Claims of similar nature and practice of 'tomb assignment' to persons of significant standing is not uncommon in our own regional belt. It is thought that Hazrat Musa (AS) or Moses is buried in Bandipore, Hazrat Haroon (AS) or Aaron at Harwan, and Hazrat Suleman (AS) or Solomon at Takht-i-Suleman in Indian occupied Kashmir.

Lately, there has been growing international interest in these tombs. "I am only helping Kashmir," says
Suzanne Marie Olsson, a New York based researcher, who is on a mission to find the truth, "if the authenticity of all the holy places in Kashmir is established, it will place Kashmir firmly on global map as a leading pilgrimage site of Christians and Muslims and you will have the pilgrim traffic from all over the world".

Ms Olsson's contention is equally relevant in the case of the mystery tomb in Murree. In the absence of historical records, one is forced to rely on local legend. If any connection with Mary can be established through scientific means then the ensuing benefits to the tourism industry can well be imagined.

Whilst many people remain doubtful of the claim of the tomb's existence, it is interesting to note that a section of Lahore's Badshahi mosque houses a collection of relics which are believed to belong to the holy prophet Muhammed (SAWS). These include, the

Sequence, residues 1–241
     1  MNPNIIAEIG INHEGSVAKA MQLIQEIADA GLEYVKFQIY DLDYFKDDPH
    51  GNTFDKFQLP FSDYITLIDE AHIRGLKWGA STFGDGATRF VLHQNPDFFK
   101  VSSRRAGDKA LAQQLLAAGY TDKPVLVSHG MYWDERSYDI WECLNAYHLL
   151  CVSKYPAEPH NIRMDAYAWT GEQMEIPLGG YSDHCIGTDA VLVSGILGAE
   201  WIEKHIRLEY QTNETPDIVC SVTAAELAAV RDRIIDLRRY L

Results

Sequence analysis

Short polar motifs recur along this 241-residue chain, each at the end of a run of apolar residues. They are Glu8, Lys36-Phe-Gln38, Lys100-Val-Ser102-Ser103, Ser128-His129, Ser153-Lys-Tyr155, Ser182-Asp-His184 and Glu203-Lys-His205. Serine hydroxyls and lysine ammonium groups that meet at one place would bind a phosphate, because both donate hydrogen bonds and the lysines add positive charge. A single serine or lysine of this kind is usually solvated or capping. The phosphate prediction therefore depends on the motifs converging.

'Mue Mubarak' or the hair, his turban and a cloak among various other items on display. Hundreds of local and foreign visitors queue up daily to view these relics and to pay homage without ever questioning their authenticity.

On the other hand, after undergoing extensive tests, most western scientists agree now that the famous Shroud of Turin, a woven cloth with an image of a man on it and widely rumoured for a long time to be that of Jesus Christ himself, appears to be a medieval art forgery more than anything else.

The unprecedented technological advances made in recent years in carbon isotope dating and DNA testing methods can investigate with reasonable accuracy similar claims.

In the interest of research, the gravesite should be opened for scientific study so that the issue may be resolved. Until then a question mark will always loom large over this riddle whether Virgin Mary is really buried in Murree.

It remains a great unravelled mystery.

Dr Ali Jan
Ali Jan
Sarhad Conservation Network



1. The Marian Library/International Marian Research Institute
University of Dayton
300 College Park
Dayton OH 45469-1390
Mary Page: http://www.udayton.edu/mary

2. The Daily Dawn
www.dawn.com
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A concrete cemented structure marks the gravesite located under a TV antenna
A pre-partition black and white photograph of the tomb
TV Antenna in the distance
The Shroud of Turin: Could this be a real image of Jesus Christ?